JOURNAL: Women in STEM

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Photo by Isabel Bonebrake

Members of the Society of Women Engineers student organization watch a video during a club meeting on October 5, 2021.

“Guys will be like ‘Oh you’re so brave for going into computer science’ … and that just kind of makes me angry like ‘What? Why is it? Why should it be different?,'” Celeste Lagman, a senior in the College of Arts & Sciences says. 

Lagman says she chose to study computer science because she was always super interested in technology growing up. When she entered high school, she says she decided to enroll in a coding class to see if she liked it.

“I’m learning the same stuff as you [men], but I’m just a woman.” Lagman says.

After taking her coding class, Lagman realized she really enjoyed computer sciences and decided to major in it.

Even though women earn the majority of upper-education degrees in the United States, they still make up the minority in science, technology, engineering and mathematic related fields.

Since 2009, women graduating with a degree in STEM have increased by 66.3%; However, they still only make up 32.4% of all professionals with a STEM degree.

Marquette University has STEM-related groups women can join to find a community and inclusivity such as the Association for Computing Machinery-Women, Society of Women Engineers, the Women’s Innovation Network’s WISDOM, etc … Women can also join STEM-related clubs that include both males and females. 

ACM-W was established at Marquette in 2019. The organization strives to uplift, honor and campaign for the engagement of women in all areas of computing and to “advance the contributions of technical women.” ACM-W also has a variety of programs available to all members. 

Clare Herring, a senior in the College of Arts & Sciences and current president of Marquette’s ACM-W chapter, says although ACM-W is very small, joining the organization helped her find a community of other women in a similar field.

“Even to this day, most of my friends aren’t in my major, because the computer science department is so small on campus,” Herring says. “ACM is a general community for computing, and ACM-W … is more of a subset of women.”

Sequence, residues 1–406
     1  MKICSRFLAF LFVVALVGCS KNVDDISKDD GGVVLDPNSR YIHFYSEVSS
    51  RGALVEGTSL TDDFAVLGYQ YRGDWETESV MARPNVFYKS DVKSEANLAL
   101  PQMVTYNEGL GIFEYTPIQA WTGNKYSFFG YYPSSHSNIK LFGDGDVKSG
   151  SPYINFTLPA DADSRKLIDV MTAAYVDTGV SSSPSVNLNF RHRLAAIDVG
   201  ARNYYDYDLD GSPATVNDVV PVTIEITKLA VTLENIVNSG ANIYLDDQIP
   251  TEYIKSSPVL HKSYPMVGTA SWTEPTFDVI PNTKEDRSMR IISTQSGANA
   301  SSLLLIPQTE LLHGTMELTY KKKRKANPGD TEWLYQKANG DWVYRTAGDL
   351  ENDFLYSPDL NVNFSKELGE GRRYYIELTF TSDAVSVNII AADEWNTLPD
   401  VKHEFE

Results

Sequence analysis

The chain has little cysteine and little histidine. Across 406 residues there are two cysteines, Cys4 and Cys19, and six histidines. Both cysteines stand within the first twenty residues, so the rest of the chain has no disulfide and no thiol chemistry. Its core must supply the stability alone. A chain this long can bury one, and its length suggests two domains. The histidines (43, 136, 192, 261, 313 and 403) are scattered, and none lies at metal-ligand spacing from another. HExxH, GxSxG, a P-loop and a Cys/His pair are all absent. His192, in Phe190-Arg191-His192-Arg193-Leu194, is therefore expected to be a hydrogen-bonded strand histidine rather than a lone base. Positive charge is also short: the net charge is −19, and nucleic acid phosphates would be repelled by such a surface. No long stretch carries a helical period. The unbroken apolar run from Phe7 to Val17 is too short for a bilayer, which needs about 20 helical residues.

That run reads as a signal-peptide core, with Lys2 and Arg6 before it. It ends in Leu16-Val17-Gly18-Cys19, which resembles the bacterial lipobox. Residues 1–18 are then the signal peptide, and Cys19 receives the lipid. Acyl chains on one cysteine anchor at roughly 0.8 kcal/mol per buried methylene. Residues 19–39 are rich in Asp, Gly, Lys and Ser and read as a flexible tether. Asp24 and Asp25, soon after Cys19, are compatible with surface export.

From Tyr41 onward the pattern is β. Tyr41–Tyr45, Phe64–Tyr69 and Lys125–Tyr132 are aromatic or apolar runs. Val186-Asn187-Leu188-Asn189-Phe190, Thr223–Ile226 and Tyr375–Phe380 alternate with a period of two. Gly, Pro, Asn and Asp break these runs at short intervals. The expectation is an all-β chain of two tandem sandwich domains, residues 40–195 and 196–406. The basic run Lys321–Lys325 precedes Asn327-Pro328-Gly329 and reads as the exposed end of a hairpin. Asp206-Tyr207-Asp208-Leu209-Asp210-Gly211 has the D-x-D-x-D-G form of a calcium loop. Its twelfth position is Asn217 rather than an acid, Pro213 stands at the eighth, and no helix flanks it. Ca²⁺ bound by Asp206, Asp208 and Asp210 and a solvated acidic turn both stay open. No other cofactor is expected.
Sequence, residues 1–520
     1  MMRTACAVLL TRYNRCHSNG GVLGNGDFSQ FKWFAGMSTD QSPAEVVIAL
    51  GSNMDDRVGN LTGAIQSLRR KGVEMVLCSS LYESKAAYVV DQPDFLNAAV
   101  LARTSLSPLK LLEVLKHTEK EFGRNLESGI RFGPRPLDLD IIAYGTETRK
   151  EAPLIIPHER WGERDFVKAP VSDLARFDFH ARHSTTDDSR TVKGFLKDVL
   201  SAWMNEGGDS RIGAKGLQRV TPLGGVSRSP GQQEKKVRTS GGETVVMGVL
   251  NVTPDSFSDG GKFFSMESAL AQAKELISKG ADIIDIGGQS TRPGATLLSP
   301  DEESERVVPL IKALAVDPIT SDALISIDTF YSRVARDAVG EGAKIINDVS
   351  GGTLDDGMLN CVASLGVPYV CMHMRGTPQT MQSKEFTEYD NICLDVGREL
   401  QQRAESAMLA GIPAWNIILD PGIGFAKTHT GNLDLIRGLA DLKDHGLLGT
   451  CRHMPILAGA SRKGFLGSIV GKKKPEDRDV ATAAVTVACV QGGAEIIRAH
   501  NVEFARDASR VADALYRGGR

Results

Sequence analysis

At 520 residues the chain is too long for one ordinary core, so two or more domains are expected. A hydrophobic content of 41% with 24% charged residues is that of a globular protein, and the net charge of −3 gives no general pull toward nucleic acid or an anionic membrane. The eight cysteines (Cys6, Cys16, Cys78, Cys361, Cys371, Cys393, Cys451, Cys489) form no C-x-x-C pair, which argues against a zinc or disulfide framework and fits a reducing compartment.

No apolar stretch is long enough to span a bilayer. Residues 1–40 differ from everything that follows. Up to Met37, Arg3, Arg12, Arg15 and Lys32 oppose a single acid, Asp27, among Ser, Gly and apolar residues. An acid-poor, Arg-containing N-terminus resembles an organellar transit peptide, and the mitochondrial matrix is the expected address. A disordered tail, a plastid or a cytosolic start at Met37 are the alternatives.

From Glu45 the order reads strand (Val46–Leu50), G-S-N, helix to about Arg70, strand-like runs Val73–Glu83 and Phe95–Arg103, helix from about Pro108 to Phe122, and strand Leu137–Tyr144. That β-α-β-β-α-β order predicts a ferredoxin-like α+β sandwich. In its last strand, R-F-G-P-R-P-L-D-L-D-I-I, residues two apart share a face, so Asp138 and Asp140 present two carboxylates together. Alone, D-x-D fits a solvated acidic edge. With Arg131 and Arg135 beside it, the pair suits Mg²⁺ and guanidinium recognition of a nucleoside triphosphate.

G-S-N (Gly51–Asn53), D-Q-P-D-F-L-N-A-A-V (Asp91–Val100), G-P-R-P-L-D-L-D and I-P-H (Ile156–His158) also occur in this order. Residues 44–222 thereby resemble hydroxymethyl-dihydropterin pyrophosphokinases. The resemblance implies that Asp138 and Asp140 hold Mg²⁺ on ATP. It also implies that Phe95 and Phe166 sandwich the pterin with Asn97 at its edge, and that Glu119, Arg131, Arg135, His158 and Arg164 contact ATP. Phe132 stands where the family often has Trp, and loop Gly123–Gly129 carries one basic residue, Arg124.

Because of COVID-19, Herring says they haven’t had many events yet. Though, Lagman says she joined the club because she had never heard of an organization like it before.

“I was like, ‘Oh finally,’ it’ll be something with more girls who are interested in the same things as me,” Lagman says. “So kind of towards the end of sophomore year is when I finally found people I could connect with who were interested in the same things as I was.”

Despite finding a community of women on campus with similar interests, Lagman, vice president of ACM-W, says she has had classes at Marquette where she has been the only girl. 

“I kind of didn’t realize at first that it would be so male-dominated at Marquette because the classes I took in high school always had a decent amount of girls in them. I knew less girls took computer science and STEM classes, but I didn’t know it was this drastic,” Lagman says.

Debbie Perouli, an assistant professor in the department of computer science, says that computer science classes generally suffer from low female enrollment all around the world.

Herring says her classes are typically 5-10% women, but in classes of around 20, maybe six or seven of those students are female.

Despite low female numbers, Perouli and Herring both agree that as long as someone is passionate about the field they are going into, they shouldn’t be intimidated of being the only girl in the room.

“I think it’s more important to find something that matches your skills and what you like doing than to be held back because of the idea that it’s male-dominated, and I don’t think that they have anything to be afraid of,” Perouli says.

Herring says although there are not many women in STEM, there are still women present, and every female she’s spoken to has been passionate about what they are going into.

“Reaching out to females that are in the space is huge because A. it’s networking, B. you’re able to get a representation,” Herring says. “I think it really helps build confidence knowing that you can find your people and your community while still doing something you love and that you’re passionate about.”

This story was written by Julia Abuzzahab. She can be reached at julianna.abuzzahab@marquette.edu